Resurgence of Northampton brewery sees hearty soul food back on the menu

According to TripAdvisor, Phipps Albion Brewery is one of Northampton's top 10 visitor attractions but are you guilty for walking by it without giving it a second glance? I was, until today.

Tuesday, 22nd January 2019, 4:29 pm
Updated Thursday, 7th February 2019, 6:32 pm
Ian McCauley, Krissee Holmes and Steve Reid want to make sure Phipps Albion Brewer is a place families of all ages can go to enjoy a drink and some hearty pub grub. Picture credit: Kirsty Edmonds.

Phipps NBC has come full circle in its one-hundred-year on-and-off history in Kingswell Street.

As well as its previous use as a brewery, a century ago in 1919, it was used as a jam and preserve factory under the James brothers who sold Christmas puddings and groceries too.

The original Phipps brewery in Northampton closed in 1974 and the firm’s famous India Pale Ale (IPA) disappeared from the county’s bars.

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Phipps Ratliffe's Stout has celebrated its centenary this year. Picture credit: Kirsty Edmonds.

But the company was revived in 2008 and a £1 million revamp saw the brewery make a comeback following a 39-year absence.

The venue, which fully re-opened in 2015, houses a bar with rotating house and guest ales, which customers can watch being made.

Behind the brewery is a gin distillery too where their six gins - including its colour-changing Opal brand - is made.

There's a big focus on Northamptonshire-made products here. Since Steve Reid joined Phipps Albion Brewery as bar manager the pub has started selling his homemade Friar's Farm chutneys on site.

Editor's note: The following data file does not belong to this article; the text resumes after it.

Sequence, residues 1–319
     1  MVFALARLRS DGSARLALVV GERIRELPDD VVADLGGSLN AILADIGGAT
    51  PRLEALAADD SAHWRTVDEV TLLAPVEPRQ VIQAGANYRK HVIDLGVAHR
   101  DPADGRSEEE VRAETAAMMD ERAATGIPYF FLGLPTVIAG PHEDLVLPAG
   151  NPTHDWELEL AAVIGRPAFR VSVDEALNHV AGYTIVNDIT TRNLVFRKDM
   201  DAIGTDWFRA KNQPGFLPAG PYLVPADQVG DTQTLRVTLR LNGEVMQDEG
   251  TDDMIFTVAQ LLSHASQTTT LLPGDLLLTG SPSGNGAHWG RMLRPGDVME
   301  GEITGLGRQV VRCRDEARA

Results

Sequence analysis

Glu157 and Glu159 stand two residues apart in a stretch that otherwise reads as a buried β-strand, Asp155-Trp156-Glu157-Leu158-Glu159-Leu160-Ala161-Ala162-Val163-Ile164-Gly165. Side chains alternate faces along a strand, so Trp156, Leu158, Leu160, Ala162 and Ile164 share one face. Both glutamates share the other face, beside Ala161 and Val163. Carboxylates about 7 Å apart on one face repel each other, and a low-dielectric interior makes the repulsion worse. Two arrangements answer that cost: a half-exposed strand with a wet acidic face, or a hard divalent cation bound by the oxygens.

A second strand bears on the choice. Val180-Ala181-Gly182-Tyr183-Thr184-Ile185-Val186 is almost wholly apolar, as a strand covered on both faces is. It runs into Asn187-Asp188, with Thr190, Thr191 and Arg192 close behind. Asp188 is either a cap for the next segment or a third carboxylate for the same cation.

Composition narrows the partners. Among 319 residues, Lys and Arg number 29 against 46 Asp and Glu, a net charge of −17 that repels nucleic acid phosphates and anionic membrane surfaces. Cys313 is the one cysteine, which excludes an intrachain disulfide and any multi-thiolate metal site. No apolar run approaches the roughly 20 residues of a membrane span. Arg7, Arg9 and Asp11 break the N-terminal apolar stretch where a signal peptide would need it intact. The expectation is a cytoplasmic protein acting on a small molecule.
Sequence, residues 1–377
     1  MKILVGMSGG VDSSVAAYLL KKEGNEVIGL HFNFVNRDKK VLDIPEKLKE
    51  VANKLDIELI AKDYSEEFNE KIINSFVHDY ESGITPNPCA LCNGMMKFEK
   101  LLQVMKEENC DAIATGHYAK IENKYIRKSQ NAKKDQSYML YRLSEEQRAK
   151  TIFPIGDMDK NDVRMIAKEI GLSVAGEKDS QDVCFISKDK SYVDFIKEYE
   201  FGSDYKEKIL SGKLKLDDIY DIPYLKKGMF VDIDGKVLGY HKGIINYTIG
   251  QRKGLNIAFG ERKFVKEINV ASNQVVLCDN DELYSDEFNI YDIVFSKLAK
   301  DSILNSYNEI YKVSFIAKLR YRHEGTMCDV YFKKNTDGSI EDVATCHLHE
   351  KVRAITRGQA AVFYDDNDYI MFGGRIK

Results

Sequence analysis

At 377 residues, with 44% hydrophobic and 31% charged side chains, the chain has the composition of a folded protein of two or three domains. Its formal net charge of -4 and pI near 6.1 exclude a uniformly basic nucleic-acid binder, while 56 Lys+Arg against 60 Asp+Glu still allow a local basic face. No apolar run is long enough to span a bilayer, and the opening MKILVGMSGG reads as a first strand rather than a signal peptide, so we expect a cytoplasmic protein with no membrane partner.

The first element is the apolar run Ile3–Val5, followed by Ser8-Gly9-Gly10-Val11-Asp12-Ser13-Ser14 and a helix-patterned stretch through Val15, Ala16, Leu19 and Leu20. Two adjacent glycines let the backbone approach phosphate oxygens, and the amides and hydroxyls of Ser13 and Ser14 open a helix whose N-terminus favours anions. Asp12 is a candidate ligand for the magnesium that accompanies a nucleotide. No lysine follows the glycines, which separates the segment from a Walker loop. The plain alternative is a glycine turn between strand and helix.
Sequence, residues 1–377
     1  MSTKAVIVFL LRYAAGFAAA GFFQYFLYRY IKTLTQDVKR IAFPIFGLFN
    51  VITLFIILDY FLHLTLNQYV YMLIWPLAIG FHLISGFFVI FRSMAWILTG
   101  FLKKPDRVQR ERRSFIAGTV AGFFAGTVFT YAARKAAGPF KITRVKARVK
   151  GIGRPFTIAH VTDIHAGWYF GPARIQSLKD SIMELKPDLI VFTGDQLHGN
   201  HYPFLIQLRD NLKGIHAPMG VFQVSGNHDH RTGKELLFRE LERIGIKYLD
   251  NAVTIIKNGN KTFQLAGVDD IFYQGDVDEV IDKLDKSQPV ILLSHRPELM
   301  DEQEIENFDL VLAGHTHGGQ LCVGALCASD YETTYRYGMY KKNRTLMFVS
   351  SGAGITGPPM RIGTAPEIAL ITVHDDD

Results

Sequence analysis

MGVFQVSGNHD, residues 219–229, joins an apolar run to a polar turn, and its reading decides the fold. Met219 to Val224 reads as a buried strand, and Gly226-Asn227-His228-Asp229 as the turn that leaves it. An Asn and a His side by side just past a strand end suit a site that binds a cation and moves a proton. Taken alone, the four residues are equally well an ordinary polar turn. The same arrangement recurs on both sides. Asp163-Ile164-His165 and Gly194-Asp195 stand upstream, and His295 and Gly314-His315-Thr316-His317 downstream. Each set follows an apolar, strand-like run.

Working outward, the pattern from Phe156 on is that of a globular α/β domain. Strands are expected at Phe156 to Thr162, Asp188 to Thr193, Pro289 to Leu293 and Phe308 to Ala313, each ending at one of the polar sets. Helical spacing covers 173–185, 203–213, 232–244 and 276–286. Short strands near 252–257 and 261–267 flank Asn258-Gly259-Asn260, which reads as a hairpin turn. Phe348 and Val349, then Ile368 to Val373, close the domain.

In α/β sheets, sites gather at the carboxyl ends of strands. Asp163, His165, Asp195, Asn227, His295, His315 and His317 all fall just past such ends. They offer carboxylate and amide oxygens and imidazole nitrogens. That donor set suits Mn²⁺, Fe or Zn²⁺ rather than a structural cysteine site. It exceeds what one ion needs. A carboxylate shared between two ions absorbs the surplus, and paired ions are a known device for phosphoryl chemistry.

Camembert is on the menu with Steve's chilli jam (pictured front). Picture credit: Kirsty Edmonds.

"What we are aiming to do here is talk about the history," Steve said. "People have probably driven past it hundreds of times and don't realise we are here.

"If you want to learn about the history of Northampton brewing this is the key place to be honest because there's nowhere else like it.

"You would not be able to sit in the same building where the same beer was brewed about 100 years ago."

No-fuss food is back on the menu at Phipps for those wanting a taste of their childhood with local culinary-enthusiast Tracy Farrell cooking her families age-old recipes, from liver and bacon to faggots for £5.99 a plate.

Brewer Ed Garner pictured cooking the grains in the brewery. Picture credit: Kirsty Edmonds.

"There's restaurants in Northampton for fine dining but to me, there's a lot of people that don't want that."

Bar manager Steve Reid wants to introduce more families and students into the pub too.

"The perception is that ale is an old mans drink. In fact, it's much more than that. More young people are trying ales instead of lager or other drinks, there's an upturn in ale sales.

"You don't have to come in for an ale, if you want to come in for a coffee. It's like a sitting museum.

Northampton whisky is blended in the tunnel, which has a naturally cool atmosphere as it is so deep beneath the ground. Picture credit: Kirsty Edmonds.

"People should support local businesses as it's good for the economy and the bar is a nostalgic and relaxing place."

The Kingswell Street brewery was built in the 1880s and was last used as a leather tannery.

"People still walk past and don't know it's here - even the traffic wardens," added Steve.

"We are attempting to highlight what's good about the town and this is one of the oldest places in it."

In the basement of the Kingswell Street building is The King’s Well, which was once used to provide water for Northampton Castle – formerly on the site of the current railway station – but was last used in 1966 to make beer.

As well as the well, the building’s basement also contains a large tunnel which was sealed up until the 1980s, now equipped with its own skeleton.

The Kingswell Street brewery was built in the 1880s and remains a prominent part of Northampton's brewing culture today.

At that time, the tunnel also stretched out to another part of the building, which has since been demolished to make way for Asper's Casino.

The interior boasts nostalgia and even gives a nod to the Chron's former Upper Mounts building with some of its old lettering above the chalkboard. Picture credit: Kirsty Edmonds.